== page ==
This month sees revived interest in AND1 as the iconic basketball shoe brand becomes the focus of Netflix’s latest Untold story.

*WARNING* Possible Untold: The Rise and Fall of AND1 spoilers ahead.

Just a week after the release of Untold: The Girlfriend Who Didn’t Exist, the wild tale about NFL star Manti Te’o being catfished, the Netflix documentary team are back with another hit.

This time around, they are focussing on The Rise and Fall of AND1. One of the biggest sports brands back in the ’90s and early 2000s, AND1 quickly rose to meteoric success raking in multiple millions. But as the saying goes, the higher they rise, the harder they fall.

Let’s take a look at the staggering net worth the AND1 founders accumulated with the company at their peak.

Untold: The Rise and Fall of AND1 | Official Trailer | Netflix

Untold: The Rise and Fall of AND1 | Official Trailer | Netflix

Exploring AND1’s net worth at their peak

AND1 was founded in 1993 by Seth Berger, Tom Austin and Jay Coen Gilbert, three college graduates. They started out by selling t-shirts with popular trash talk lines in basketball such as: “I’m Sorry, I Thought You Could Play”, “What’s Wrong, Momma Forget To Pack Your Game?,” and “Pass. Save yourself the embarrassment.”

Just one year into business, AND1 amassed a revenue of $1.7 million. This figure rocketed over the next few years. By the company’s fifth year in business, they amassed $70 million.

In an interview with founder Seth Berger back in 2016, it was revealed that annual revenues at the company’s peak were around $250 million. The only competitor beating AND1 at their peak was Nike.

How AND1 fell apart after their rise to success

While AND1 were on a meteoric rise to success in the ’90s and early 2000s, the company quickly fell down in public opinion.

Stephon Marbury and Latrell Sprewell were signed as AND1 ambassadors, but after Marbury was injured wearing a pair of AND1 sneakers, the company suffered.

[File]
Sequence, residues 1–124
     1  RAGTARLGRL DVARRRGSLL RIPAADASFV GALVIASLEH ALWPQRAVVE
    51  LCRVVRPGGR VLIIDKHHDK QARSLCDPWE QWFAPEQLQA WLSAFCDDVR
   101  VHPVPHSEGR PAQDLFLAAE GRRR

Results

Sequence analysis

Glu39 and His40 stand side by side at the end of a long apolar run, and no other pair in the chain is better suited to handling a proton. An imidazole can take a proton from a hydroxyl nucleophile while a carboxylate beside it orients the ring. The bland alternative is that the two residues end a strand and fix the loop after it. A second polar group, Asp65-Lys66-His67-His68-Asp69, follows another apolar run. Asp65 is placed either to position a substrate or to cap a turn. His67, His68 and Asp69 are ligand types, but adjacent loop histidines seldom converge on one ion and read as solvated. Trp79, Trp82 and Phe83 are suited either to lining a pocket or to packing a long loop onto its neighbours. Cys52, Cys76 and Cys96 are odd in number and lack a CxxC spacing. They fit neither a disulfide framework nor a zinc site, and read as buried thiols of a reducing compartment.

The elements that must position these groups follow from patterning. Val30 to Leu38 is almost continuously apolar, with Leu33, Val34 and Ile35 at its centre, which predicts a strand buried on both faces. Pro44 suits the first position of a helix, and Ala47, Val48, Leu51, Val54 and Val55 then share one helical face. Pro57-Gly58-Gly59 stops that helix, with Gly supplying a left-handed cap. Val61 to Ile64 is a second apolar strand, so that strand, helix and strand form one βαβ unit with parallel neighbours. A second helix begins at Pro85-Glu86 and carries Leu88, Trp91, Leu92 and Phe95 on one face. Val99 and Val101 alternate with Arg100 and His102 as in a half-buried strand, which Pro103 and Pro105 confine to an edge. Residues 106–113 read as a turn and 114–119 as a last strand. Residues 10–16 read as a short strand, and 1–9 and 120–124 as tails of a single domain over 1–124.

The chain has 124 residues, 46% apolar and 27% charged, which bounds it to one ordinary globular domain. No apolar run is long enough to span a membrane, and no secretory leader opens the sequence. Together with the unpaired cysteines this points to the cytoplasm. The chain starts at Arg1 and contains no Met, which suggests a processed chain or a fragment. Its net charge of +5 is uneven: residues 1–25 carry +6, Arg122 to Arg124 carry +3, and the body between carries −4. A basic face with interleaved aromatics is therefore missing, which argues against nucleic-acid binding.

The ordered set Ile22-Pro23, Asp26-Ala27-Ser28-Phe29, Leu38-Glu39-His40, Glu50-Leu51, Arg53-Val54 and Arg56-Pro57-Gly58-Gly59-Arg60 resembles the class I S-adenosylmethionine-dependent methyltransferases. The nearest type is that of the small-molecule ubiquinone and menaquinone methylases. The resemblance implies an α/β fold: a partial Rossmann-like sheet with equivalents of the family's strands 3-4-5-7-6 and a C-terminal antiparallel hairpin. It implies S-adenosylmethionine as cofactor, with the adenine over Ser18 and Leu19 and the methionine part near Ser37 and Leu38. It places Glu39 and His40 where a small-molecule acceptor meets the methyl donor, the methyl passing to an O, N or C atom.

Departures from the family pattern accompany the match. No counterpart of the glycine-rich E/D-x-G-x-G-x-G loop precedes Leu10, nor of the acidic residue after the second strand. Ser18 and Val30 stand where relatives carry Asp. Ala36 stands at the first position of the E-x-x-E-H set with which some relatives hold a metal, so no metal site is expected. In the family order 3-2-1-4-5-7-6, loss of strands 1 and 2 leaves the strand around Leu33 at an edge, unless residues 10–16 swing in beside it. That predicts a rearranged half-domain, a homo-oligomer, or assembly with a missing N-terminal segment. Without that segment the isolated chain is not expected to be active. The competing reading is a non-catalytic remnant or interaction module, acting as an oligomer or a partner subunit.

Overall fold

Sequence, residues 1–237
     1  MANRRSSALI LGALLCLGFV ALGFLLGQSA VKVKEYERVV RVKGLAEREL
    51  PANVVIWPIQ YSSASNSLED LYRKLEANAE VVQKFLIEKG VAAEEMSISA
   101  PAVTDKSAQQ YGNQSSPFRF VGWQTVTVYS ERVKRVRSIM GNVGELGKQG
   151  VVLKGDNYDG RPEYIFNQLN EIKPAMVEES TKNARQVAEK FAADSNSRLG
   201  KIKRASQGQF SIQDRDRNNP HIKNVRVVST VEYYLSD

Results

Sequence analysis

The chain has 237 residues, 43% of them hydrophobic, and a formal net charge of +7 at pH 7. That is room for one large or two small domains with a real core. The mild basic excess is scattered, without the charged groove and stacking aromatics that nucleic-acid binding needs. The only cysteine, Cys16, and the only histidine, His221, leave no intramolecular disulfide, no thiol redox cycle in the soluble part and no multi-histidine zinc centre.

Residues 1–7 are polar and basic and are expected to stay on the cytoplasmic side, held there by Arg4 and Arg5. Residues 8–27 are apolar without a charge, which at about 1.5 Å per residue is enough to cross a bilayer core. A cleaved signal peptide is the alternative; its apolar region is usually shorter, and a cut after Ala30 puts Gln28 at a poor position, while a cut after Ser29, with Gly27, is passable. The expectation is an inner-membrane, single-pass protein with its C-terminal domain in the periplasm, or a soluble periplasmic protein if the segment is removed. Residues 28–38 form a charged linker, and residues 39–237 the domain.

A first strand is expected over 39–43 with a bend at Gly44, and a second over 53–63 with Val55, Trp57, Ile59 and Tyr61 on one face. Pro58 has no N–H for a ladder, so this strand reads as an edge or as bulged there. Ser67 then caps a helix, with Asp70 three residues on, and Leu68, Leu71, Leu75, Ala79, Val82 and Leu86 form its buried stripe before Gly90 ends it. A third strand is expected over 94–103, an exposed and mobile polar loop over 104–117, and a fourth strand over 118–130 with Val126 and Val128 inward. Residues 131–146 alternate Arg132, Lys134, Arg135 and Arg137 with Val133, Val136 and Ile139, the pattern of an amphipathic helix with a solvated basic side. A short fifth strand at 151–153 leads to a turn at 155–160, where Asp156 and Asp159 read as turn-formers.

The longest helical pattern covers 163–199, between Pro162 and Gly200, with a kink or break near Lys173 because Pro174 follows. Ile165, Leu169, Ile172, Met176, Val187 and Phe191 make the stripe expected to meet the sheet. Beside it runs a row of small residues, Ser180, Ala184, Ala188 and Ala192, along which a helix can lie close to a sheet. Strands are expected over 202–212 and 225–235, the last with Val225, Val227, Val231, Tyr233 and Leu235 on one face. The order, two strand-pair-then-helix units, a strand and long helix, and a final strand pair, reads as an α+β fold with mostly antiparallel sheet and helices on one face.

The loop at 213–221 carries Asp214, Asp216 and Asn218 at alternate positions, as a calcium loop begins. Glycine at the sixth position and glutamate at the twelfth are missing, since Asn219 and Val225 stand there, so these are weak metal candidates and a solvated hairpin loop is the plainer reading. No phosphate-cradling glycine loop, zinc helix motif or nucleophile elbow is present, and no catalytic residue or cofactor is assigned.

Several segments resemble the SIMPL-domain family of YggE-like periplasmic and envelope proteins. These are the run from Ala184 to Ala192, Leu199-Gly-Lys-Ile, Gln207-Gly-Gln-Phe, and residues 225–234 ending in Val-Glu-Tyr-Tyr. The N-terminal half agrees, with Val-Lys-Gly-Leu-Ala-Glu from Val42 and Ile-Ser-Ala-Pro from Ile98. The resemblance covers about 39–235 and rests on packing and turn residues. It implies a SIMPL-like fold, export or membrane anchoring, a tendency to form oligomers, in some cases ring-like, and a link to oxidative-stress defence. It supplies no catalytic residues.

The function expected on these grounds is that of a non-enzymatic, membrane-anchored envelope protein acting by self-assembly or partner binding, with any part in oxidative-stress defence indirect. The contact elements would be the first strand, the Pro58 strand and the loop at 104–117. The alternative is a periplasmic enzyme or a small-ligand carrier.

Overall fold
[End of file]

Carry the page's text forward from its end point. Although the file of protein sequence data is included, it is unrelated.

Stephon Marbury injured his ankle in the very first game he wore AND1 sneakers. Decider revealed that Marbury’s agent threatened to “throw your shoes in the trash on national TV”.

In 2005, after a string of internal struggles over finances, the three founders sold the company.

A group of streetball players representing AND1 wearing the brand's t-shirts
© 2022

Netflix viewers share their thoughts on the money disputes at AND1

The streetball players enrolled under AND1 grew to realise they were not being paid their dues by the company, who were making millions from the athletes. As viewers learned financial disputes were a reason the company was sold, they took to the internet to share their frustrations over this revelation.

One viewer tweeted: “Of course it all broke up to money. That’s why you never talk about how much money you got. In a company nobody [is] ever paid the same.”

Another frustrated viewer tweeted: “Those 3 guys made millions off the talent and hard work of those street ball players and then paid them jack s***. They should be ashamed of themselves.”

One Twitter user described the way the players were dropped as “nasty” but argued: “It’s a shame that some of the players weren’t paid what they expected but their influence and experiences was priceless.”

Is AND1 still in business today?

Yes. AND1 is still in business, retailing footwear to this date. The brand is currently overseen by CEO Linda Hill. She has held this role since August 2010.

Check out AND1 today on their website.

You can stream Untold: The Rise and Fall of AND1 on Netflix now.

AND1 logo on a wall of an AND1 building
© 2022

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